Debate Psychology: 5 Science-Backed Tips to Avoid Getting Your Brain Hacked

A guide to thinking critically while watching televised political debates.

A two-part collage featuring Donald Trump and Hillary Clinton giving a speech
Wikimedia Commons

The first-ever televised presidential debate in 1960 changed the direction of that election and how Americans conduct politics. Prior to that debate, Richard Nixon was leading the polls. Afterward, it was John F. Kennedy, who pulled ahead and ultimately won it all.

This debate was so game-changing that in the following three elections, the sitting president refused to debate any challenger. In today’s era of 24-hour news cycles and seemingly unending campaigns, that refusal is tough to imagine. Kennedy got ahead with the help of stage makeup, pre-production prep, and visible charisma. As researchers have pointed out, today’s candidates have far more working against them: Fancy camera work, on-screen messaging, post-debate analysis, and real-time judgment on social media.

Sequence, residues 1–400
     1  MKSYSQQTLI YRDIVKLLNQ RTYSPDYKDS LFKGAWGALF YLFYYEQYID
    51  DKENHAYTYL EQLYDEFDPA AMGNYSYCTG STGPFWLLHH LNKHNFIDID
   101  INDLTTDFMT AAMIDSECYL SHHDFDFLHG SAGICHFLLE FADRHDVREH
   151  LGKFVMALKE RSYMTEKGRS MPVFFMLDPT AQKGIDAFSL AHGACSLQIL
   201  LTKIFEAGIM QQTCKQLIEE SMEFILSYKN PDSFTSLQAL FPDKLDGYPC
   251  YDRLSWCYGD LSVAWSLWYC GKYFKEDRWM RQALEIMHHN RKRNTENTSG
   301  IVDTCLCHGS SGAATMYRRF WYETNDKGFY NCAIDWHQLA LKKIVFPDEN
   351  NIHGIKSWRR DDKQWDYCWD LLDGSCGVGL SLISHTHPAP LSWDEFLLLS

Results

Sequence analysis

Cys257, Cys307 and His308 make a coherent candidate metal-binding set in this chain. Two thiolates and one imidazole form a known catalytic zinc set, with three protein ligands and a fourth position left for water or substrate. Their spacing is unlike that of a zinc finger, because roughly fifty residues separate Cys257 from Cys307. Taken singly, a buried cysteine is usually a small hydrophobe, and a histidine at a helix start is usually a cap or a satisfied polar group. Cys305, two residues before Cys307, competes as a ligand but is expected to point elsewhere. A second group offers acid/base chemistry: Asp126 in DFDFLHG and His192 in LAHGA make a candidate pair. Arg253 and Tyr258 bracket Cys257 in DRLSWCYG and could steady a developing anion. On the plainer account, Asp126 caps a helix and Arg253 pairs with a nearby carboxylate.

Those elements can benefit or harm a viewer’s interpretation of the debates. Below is Inverse’s science-backed guide on how to get the most out of watching them. In turn, your opportunity to use these studies is now: The first 2020 Democratic debate airs this Wednesday and the second airs Thursday.

Listening to the Debate Is Very Different Than Watching It

The first of the four televised debates between Nixon and Kennedy in 1960. 

Wikimedia Commons

After the first 1960 debate, Nixon’s running mate Henry Cabot Lodge complained that the “son-of-a-bitch just lost us the election.” Lodge had just watched the televised debate, in which Nixon looked sullen and sick.

Meanwhile, Kennedy’s choice for vice president, Lyndon B. Johnson, only listened to the debate on the radio. After listening in, he thought that Kennedy had lost.

In a 2003 study exploring how television affects political behavior, scientists revisited the Nixon-Kennedy debate and showed it to 171 students with no prior knowledge of the event. The students were split into two groups — one that watched it and another that listened only to an audio version.

Survey results showed that watching the debate slightly enhanced how much people walked away knowing about the election. The study authors credit that to the power of visual information to enhance memory. This result, however, was specific to people who admitted they were not very knowledgeable about politics in general. The more “politically sophisticated subjects,” meanwhile, learned as much from the radio as they did from TV.